A Champion for Medical Simulation
Written on October 18, 2016 by Greg Podolej
There’s a model in higher education used to describe different levels of assessment called Miller’s Pyramid. The idea is that educational objectives should go beyond recalling and understanding facts and basic concepts, giving learners the ability to apply knowledge; analyze and evaluate processes, procedures and principles; and eventually create new or original work.
Medical simulation fits in the higher levels of this pyramid because it allows physicians and nurses-in-training to take what they learned in the classroom and apply it in a realistic, but safe way. To me, it’s an essential part of medical education. And even now as an emergency medicine physician at OSF Saint Francis Medical Center, I strive to learn more about simulation to not only demonstrate its benefits but create new ways to utilize simulation to improve health care.
I recently joined Jump Simulation as part of a two-year fellowship where I will learn to be a health educator and how to make simulation a productive tool. It’s my future goal to understand how to make a unique environment such as Jump Sim work and apply that knowledge in rural areas that aren’t typically exposed to centers like these.
Finding My Path
My mother was a nurse, but getting into the health care industry was never a given for me. In fact, I initially resisted the field because I wanted to pave my own career path. A couple of mission service trips overseas opened my eyes to the importance of medicine. I was exposed to so many people who don’t have access to health care and were unable to live normal lives. I knew I had to go to medical school to change that.
What I learned in medical school is that the emergency room is a great place to master the art of taking care of very sick people. It’s a place where decisions matter and time is of the essence. Learning life-saving procedures at the bedside isn’t the best option. It was in the ER where I came to discover the benefits of training for medical emergencies in a simulated environment, so we don’t put patients at risk.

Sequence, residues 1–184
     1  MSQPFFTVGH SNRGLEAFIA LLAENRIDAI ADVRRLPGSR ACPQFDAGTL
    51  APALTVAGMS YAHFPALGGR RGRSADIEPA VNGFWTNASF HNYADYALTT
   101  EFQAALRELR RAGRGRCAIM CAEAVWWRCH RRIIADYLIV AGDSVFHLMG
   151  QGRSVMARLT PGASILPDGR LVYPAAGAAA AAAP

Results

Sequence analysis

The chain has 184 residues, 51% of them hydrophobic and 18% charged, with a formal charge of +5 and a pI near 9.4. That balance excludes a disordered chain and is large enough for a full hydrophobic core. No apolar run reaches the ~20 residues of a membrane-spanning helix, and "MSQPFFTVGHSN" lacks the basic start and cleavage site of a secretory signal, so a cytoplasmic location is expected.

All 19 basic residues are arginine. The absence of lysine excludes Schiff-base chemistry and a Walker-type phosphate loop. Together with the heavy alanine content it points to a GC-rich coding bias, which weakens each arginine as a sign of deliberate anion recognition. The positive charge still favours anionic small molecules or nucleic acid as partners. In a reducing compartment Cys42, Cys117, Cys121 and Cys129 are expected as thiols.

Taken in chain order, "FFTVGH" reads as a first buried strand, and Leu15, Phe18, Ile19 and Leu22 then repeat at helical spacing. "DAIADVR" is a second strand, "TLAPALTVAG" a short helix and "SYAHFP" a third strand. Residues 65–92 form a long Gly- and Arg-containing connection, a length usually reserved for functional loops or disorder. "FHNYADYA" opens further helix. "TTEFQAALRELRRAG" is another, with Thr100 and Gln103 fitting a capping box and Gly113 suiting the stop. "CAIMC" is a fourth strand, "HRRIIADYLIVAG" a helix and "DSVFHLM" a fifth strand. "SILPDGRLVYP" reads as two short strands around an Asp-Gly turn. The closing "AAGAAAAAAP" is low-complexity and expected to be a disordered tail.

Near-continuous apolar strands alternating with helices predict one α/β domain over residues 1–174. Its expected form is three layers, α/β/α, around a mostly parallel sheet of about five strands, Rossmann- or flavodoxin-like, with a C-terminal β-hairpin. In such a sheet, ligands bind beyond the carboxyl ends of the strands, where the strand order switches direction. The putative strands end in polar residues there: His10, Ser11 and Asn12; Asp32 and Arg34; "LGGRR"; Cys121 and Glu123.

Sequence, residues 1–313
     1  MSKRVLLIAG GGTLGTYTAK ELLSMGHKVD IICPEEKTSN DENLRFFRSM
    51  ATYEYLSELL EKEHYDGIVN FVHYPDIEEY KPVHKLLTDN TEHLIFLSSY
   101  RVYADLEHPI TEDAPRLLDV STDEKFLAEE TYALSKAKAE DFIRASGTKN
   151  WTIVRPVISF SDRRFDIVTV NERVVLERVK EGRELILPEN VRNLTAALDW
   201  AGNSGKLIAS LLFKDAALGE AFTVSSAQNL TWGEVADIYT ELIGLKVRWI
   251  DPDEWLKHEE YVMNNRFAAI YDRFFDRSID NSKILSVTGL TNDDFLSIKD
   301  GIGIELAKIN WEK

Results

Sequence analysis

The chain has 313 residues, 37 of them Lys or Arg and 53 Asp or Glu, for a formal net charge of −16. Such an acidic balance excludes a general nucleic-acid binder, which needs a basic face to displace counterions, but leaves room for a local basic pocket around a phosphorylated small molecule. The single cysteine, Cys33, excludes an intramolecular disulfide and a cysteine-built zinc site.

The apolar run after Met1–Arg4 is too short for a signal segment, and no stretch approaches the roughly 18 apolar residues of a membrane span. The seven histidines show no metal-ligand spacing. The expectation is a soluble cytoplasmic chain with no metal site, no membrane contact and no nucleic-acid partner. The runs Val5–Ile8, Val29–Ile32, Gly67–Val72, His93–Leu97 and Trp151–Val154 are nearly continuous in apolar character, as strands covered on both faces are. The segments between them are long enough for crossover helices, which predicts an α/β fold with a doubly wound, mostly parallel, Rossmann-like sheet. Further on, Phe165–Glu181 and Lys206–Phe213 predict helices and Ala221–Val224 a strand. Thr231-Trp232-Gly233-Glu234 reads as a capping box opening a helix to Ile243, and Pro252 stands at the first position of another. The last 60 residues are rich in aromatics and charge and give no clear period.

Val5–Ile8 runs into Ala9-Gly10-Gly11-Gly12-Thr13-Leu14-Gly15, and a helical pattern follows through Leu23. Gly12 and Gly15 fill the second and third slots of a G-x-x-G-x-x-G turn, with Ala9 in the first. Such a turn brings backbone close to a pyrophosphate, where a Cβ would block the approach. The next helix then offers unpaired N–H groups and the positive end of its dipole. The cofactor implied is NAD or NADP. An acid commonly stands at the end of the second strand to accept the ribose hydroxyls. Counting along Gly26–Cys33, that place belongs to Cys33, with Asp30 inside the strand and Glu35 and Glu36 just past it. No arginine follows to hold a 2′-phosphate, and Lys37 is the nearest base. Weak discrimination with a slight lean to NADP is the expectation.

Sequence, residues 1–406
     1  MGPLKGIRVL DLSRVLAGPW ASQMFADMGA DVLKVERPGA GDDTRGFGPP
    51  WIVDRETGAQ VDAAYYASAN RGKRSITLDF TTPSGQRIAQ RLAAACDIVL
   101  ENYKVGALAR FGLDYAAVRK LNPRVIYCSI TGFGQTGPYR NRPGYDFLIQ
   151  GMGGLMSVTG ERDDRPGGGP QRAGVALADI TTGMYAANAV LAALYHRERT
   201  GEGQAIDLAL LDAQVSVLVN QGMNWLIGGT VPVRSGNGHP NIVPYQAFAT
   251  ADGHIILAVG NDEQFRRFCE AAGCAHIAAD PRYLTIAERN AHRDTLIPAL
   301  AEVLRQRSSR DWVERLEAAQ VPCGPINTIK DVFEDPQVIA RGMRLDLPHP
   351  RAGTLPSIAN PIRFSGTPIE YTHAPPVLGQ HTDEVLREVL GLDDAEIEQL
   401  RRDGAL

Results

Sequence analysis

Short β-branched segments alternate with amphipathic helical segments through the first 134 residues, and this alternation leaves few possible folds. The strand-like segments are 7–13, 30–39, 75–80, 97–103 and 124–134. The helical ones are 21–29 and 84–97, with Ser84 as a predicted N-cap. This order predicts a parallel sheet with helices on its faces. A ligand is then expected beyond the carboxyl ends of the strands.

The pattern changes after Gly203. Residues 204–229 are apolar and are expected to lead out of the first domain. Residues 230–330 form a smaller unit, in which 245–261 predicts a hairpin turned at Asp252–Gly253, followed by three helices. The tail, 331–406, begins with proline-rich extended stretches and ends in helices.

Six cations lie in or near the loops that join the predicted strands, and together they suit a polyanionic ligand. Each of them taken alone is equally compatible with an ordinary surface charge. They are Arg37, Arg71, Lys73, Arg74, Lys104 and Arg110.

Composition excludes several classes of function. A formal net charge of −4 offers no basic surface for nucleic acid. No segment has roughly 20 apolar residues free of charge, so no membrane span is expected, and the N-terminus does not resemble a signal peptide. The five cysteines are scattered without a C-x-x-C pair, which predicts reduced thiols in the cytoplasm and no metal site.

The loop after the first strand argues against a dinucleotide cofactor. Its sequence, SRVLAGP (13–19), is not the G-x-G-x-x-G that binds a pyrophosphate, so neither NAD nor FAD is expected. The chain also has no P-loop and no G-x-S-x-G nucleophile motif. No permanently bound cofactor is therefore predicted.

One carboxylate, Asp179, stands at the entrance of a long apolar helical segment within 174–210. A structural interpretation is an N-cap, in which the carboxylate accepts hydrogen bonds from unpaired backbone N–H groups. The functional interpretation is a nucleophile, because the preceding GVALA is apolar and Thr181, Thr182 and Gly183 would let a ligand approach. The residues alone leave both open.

I gained much more experiential knowledge through various simulation cases than I ever did reading a textbook, doing homework or taking a test because those cases were so formative for me. An internship with Dr. John “Voz” Vozenilek during his time with Northwestern University’s Simulation Center peaked my interest even future.
It was Voz who taught me that deliberate practice makes technically competent doctors. Working with him helped me understand how using simulation to repetitively do something until you get it right makes you comfortable and safe dealing with patients, leading to fewer complications and better health care delivery.
Gaining Simulation Expertise
As part of my Fellowship here at Jump, I am working with various departments to identify gaps in knowledge among medical students and residents. The goal is to create well-thought-out educational interventions that could include classroom or simulation work. I’m also learning to create and implement simulations and assess learners.
One case I’m partnering with OSF Saint Francis Medical Center nurses on is to produce simulations around new American Heart Association guidelines for maternal cardiac arrest. Sometimes a C-section is needed if a soon-to-be mother goes into cardiac arrest. We are generating scenarios that will train residents and nurses to work as a team as they deal with that situation. I’m also working to make simulation scenarios for pediatric and behavioral health cases.
As someone who’s gone through medical school and residency, I understand why teaching hospitals and universities around the world are pushing to make simulation a rite of passage for anyone entering the field. There’s certainly a place in education for classroom learning, but there’s nothing like actually performing medical procedures or dealing with critically ill patients in a realistic, safe environment. The ability to practice until you achieve your educational goals instills learner confidence.
That’s why I’m excited that my simulation fellowship is taking place at Jump. It’s a unique space, especially with its connection to OSF HealthCare and the University of Illinois College of Medicine at Peoria. I believe Jump Sim is poised to make a big difference in health care, and I can’t conceive of a better place to learn the trade than right here. I’m really fortunate to be a part of this experience, learn from leaders in the medical education field, and put my ideas into use.
Dr. Greg Podolej is a Simulation Fellow at Jump Simulation, helping to develop and implement various educational interventions using simulation technology. He interfaces with a variety of learners including residents and medical students with the goal of expanding, diversifying, and improving simulation—based curriculum available to the University of Illinois College of Medicine at Peoria. This curriculum is also used to provide feedback and promote development of simulation educators as well as characterize the overall educational portfolio at Jump Simulation.
Dr. Podolej is an emergency physician by training and is currently pursuing a master’s degree in health professions education at the University of Illinois at Chicago.